MY THREE KIDS HAVE no lack of wilderness in their lives. The Andes of Argentine Patagonia is their playground, it’s their backyard. For my 11- and 14-year-old kids, days are spent snorkeling transparent waters to spot massive rainbow trout, whitewater rafting the Rio Azul or Manso, crossing over to Chile by foot, backcountry skiing, or horseback riding through wildflower fields. Our town does not have a shopping mall, a cinema, bowling, an arcade, or anything of the sort. Even my more ‘cosmopolitan’ 15-year-old daughter longboards 25 km to a lake to go cliff-jumping, because that’s what teenagers do here to pass the time.

So adventure travel in the traditional sense doesn’t do much to push them. Jump off the 25-foot waterfall? Sure, no problem, race you there. Ziplining? They find it utterly boring. Rock climbing? All over it.

I’ve always thought that adventure travel is about getting out of one’s comfort zone to feel more alive and to see how capable you really are when pushed. For me, it’s usually been confronting nature head on in some way. But living in Patagonia, I have had to redefine my notion of adventure travel. Maybe adventuring just means exploring an environment that’s unknown to you. For my kiddos, it can mean heading into the urban craziness that is Buenos Aires.

The cool thing about country kids visiting a big city is that it’s easy to start a conversation about the relationship between humans and nature, about what man can create and what man can destroy.

I remember the first time we spent time in Buenos Aires after having lived in Patagonia for a while. Everything about that trip was new to them. They couldn’t wrap their heads around the fact that people lived without seeing the stars at night. That unless you had a penthouse 30 floors up, sunsets and sunrises were not a given. That the noise did not stop, and that locals didn’t even seem to notice the never-ending blast of sirens, horns, music, animated conversation. That people locked their doors.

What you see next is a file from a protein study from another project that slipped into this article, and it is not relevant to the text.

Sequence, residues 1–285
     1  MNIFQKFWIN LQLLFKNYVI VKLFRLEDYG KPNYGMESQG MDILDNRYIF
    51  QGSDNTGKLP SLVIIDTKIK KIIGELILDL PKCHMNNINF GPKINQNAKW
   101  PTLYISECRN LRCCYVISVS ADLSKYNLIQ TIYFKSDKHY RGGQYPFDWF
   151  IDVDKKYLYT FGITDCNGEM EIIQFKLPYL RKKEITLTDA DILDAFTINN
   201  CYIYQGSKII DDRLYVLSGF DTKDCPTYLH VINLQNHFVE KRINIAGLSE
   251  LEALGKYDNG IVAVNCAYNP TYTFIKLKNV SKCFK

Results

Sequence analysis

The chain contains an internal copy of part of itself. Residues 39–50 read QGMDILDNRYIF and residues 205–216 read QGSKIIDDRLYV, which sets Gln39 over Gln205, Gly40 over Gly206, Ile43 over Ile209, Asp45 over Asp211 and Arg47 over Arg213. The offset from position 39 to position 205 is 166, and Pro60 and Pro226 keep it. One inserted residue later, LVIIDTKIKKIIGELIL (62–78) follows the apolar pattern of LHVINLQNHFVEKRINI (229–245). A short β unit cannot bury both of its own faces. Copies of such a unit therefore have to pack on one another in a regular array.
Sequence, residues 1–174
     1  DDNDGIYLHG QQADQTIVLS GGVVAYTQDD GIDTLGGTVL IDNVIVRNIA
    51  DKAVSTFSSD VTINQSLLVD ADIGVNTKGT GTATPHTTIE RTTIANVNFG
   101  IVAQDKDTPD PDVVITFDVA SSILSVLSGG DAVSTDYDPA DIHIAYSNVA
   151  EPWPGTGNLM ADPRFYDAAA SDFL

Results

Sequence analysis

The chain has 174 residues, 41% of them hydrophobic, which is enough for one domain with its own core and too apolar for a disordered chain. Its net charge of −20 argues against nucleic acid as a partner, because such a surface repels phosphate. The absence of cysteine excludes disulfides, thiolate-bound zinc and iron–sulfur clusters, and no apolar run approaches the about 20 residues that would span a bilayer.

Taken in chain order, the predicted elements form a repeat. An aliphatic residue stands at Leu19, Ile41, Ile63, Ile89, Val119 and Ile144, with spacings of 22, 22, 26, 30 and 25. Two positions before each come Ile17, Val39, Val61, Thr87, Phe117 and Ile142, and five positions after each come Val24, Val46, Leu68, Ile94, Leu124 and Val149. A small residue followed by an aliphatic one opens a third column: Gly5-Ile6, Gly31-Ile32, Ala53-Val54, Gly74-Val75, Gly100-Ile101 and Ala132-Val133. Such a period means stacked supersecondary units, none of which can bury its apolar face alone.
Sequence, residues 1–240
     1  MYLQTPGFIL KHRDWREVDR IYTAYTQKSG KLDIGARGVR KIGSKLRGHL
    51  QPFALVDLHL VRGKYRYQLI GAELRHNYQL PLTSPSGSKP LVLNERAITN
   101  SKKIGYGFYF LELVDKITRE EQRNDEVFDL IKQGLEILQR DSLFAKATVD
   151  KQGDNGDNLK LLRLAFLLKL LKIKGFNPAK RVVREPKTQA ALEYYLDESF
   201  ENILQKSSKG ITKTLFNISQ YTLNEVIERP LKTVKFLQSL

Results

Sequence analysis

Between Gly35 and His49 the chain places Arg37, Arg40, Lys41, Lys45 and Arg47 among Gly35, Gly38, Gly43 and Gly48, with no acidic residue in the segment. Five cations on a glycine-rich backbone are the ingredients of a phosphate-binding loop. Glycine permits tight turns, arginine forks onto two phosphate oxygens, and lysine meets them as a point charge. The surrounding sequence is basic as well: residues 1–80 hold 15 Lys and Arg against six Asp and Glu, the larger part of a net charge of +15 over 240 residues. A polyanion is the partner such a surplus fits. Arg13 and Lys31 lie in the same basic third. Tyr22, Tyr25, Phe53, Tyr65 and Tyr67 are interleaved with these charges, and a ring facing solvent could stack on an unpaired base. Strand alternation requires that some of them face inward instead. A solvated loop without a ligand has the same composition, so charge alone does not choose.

My typically very confident children were tense as we went down into the subway the first time, found the large map, and I gave them an address of where we were heading and told them to figure it out. I said I would be patient, I would be with them every step of the way, but I would offer no help. My son (who draws intricate topographical maps before a hike) looked stunned and confused at the red, blue and green criss-crossing subway lines. The way their eyes lit up when we finally reached our destination rivaled the feeling of elation after crushing through class 5 rapids.

These are kids who bake bread over fire using stoneground wheat that they helped plant. But a Frappuccino (with whipped cream, straight from an actual Starbucks, while using functioning wifi!) was at least 10 times more exciting and exotic.

The kids are not phased by trekking 10km through forest at times to get to where they need to go. They hitchhike the 30 km down into town. Yet when they wanted to make lunch and I asked them to go pick up some food at the market two blocks away, they hesitated. They went, not very comfortable with the idea. But when they walked back through the door, bag in hand, they walked a little taller. Those two blocks, simply crossing major streets and dealing with traffic, were an adrenaline-filled adventure for them.

And once back home, they could fully appreciate every silent, starry night, every sunset dipping down under the Andes, and have better awareness that these are luxuries that not every kid gets to grow up experiencing. And while traditional adventure travel is an everyday part of their life, they have learned to see adventure in all of their surroundings, whether they are in the middle of the city or deep in nature.

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